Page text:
6. T’was a great honor and a pleasure to observe professor le provocateur Foox create a beautiful work of art where there had been nothing before. It’s an incredible feat to leave behind a gorgeous fully realized painting in a pre-specified number of hours, while simultaneously permeating the entire 5th floor of Saks for 4 days with warm, patient, focused energy and intelligence and superfine artistry!

  7. David Foox is an inspiring, energetic, multifaceted artist about whose work I have blogged multiple times. He is as kind and loving as he is talented and I’m so happy his work is finally getting the recognition it deserves!

    Laura Sweet
    If It’s Hip, It’s Here

  8. Had a great time seeing David do his thing live. It’s one thing seeing his finished art, yet another completely seeing the work created from start to finish. And David’s most admirable trait beyond his obvious skill is his accessibility, his engaging, infectious joy and interest in sharing and discussing art, philosophy and life. Too many artists push their fans away; David engages and invites people to enjoy and discuss art — these days, it’s extremely rare for people so good at what they do to be so accessible and inviting. I wonder who had more fun with this project — the people who wandered by his installation as he was working on it, or David himself…

  9. Another brilliant masterpiece. I can feel the energy radiating through my computer monitor as I view it. Cannot wait for his show at MINY later this month and will be swinging by Saks to get the full effect this week!

  10. Foox has been making art for years, he is quite prolific and he has a way of communicating his ideas in a very tangible, beautiful way as well incorporating deeper concepts. It is great to see him get this attention and to have his process be put on display.

  11. Tara Magalski Reply

    Foox was amazing and very kind. I had such a blast watching him and getting to know the artist behind his magical work. Simply Fabulous!

  12. Macho man Julio Reply

    Great work Buttnugget!!!..Kinda looks like the one I own!!..Cant wait to see you at your next show ….So I can kiss your forehead and squeeze your @#s!!!!…..OOOOH MY FOOXIE!!!..Just waiting for the OK to have my sex change for us… So we can melt together and live happily ever after !!!!….XOXO!!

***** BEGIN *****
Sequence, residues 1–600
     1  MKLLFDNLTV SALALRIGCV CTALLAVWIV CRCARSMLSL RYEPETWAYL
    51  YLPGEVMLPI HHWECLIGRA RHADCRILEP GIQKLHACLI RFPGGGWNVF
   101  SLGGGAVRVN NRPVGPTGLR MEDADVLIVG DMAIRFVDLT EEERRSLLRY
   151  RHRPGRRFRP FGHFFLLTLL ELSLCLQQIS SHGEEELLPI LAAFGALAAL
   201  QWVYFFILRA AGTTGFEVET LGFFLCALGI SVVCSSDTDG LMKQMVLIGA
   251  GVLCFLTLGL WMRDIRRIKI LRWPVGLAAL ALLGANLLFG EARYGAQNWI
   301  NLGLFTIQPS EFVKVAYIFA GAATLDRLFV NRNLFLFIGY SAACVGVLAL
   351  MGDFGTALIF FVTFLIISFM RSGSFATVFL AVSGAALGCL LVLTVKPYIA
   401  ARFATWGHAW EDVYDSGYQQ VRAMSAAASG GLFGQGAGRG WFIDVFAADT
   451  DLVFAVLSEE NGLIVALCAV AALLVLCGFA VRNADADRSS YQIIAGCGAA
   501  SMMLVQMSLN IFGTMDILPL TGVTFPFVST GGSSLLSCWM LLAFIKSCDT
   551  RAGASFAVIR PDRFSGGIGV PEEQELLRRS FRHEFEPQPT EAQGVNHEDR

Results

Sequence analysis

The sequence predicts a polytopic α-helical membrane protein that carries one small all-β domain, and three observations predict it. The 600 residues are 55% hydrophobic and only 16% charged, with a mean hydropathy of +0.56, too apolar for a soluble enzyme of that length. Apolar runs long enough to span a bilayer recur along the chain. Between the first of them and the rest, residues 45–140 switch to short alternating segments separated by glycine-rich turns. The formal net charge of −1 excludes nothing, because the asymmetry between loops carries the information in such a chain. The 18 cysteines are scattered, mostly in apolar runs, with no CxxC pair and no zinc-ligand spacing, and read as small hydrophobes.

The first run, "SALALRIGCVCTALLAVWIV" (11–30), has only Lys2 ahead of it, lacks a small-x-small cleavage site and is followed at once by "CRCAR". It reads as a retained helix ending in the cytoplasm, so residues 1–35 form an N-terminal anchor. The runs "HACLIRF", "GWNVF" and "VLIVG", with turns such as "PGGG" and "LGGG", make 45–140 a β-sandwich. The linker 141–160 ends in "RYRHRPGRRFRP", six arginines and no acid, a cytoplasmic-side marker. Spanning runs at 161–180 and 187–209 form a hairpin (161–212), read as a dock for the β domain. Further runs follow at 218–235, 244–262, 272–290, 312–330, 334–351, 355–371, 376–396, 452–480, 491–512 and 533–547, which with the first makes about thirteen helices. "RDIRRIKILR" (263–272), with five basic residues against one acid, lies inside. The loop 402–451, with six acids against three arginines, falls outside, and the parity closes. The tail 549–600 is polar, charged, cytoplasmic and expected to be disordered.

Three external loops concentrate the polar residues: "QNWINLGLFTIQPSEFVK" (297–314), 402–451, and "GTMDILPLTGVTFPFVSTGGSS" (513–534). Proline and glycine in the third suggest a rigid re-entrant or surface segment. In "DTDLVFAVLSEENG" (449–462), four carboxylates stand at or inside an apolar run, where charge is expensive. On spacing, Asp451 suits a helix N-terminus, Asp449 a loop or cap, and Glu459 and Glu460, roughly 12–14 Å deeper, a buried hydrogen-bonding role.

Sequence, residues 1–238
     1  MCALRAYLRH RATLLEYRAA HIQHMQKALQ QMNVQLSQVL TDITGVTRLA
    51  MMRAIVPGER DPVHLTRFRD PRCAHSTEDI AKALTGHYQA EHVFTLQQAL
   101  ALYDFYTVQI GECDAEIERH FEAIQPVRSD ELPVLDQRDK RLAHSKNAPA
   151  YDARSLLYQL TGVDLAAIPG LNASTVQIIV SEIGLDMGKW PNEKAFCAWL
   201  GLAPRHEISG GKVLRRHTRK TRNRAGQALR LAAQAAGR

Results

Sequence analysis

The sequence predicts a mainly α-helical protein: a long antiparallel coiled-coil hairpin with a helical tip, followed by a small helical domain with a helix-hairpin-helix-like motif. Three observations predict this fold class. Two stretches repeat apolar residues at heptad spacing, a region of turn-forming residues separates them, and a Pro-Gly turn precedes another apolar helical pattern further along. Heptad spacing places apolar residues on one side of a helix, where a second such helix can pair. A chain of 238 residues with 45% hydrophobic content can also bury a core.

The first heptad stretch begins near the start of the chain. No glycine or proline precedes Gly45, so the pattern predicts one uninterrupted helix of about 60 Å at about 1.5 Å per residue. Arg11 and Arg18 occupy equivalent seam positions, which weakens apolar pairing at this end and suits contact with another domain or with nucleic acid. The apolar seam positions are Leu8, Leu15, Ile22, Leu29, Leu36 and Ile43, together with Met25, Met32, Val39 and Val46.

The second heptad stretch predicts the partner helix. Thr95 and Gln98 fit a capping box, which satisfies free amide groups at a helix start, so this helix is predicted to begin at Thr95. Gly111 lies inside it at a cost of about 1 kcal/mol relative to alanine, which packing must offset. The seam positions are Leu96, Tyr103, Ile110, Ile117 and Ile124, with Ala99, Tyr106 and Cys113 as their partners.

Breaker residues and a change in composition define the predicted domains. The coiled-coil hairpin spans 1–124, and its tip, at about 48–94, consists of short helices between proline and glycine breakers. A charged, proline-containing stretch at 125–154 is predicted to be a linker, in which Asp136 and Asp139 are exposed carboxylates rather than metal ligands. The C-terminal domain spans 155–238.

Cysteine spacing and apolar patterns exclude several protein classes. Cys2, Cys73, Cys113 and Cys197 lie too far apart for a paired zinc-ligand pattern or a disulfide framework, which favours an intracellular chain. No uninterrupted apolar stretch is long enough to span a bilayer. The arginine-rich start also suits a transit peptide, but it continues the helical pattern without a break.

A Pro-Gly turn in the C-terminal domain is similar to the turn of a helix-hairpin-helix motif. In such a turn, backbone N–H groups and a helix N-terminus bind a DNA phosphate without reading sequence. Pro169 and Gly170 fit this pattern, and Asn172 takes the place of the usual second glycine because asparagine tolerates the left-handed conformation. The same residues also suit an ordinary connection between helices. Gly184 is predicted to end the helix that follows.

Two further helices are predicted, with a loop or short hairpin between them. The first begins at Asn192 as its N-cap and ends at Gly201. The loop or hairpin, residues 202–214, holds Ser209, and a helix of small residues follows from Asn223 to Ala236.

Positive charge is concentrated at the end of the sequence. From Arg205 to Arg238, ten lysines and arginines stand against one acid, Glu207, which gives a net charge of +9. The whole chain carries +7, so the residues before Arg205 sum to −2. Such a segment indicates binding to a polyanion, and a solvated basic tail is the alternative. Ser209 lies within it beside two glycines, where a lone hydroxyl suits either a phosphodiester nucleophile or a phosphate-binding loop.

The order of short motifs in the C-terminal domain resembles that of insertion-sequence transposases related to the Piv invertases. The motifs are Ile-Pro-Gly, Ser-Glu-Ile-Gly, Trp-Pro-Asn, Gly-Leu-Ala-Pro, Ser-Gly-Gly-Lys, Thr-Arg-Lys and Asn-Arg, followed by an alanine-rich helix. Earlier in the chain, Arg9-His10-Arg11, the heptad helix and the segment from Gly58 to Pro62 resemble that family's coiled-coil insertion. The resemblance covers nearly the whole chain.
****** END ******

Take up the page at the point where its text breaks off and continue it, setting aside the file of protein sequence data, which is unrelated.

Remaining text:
13. Brilliant watching you paint – and interact with the people who passed by. There was such great energy while we were there – loved it. Not to mention – the final piece is really stunning.

  14. David FOOX is an incredible artist with a very refreshing philosophy on life. He also has a big heart, and a rare desire to truly connect with people. To see him in a public project is exciting; that FOOX believes “each person adds their energy to the painting” shares some of FOOX’ unique insight.

    FOOX has also done a great deal of charitable work, through his Organ Donors, the As Within So Without show at the Lyons Wier Gallery, and even the Flammable Heart Exhibition to benefit families affected by complex illness.


  15. How often do you get to observe a genius at work? Sorry I missed this!!! Amazing job as usual Foox!

  16. Saks’ 5th floor coolness factor just went up 1000 notches! Supremely cool work, FOOX! Love that you got the little boys in on the action too! Very cute! And kudos on all of your other fabulous ventures! This is clearly your year!:)

  17. Risk averse lawyer Reply

    The ubiquity of Foox shows up @ Saks where the public can truly appreciate each brush stroke that’s required to make such a statement. Keep up the good work Sir Fooxalot.

  18. luke kingma Reply

    Amazing work as always, Foox! Love that you’re still hanging with the Untapped crew. We’ll all have to get together for a round of talkin’ soon.